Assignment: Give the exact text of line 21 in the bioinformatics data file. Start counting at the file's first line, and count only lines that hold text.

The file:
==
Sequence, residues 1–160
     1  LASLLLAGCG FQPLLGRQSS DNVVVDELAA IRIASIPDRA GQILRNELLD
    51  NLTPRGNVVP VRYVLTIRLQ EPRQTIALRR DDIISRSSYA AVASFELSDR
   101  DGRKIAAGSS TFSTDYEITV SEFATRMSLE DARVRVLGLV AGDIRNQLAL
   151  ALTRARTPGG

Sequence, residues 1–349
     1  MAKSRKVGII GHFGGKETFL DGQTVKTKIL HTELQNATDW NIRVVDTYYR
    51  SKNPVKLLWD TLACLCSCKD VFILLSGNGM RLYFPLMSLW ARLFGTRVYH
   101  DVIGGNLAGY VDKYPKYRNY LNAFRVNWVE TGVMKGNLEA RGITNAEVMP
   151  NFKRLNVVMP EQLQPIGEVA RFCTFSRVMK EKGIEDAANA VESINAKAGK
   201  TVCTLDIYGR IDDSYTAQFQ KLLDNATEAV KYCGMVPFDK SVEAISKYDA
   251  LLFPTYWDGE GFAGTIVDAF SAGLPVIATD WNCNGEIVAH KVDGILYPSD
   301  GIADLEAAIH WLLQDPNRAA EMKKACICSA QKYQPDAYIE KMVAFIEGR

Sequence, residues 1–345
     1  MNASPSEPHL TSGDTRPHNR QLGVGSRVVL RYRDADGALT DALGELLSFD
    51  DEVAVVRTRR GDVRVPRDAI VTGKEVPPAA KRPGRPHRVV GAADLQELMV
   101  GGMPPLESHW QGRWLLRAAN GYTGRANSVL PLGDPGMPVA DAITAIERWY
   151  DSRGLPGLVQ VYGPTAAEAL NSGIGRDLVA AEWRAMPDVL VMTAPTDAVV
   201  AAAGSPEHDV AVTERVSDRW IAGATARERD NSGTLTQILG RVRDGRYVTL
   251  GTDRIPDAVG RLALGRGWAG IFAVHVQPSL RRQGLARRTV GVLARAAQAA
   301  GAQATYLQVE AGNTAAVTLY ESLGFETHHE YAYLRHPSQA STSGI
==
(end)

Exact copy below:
   301  GAQATYLQVE AGNTAAVTLY ESLGFETHHE YAYLRHPSQA STSGI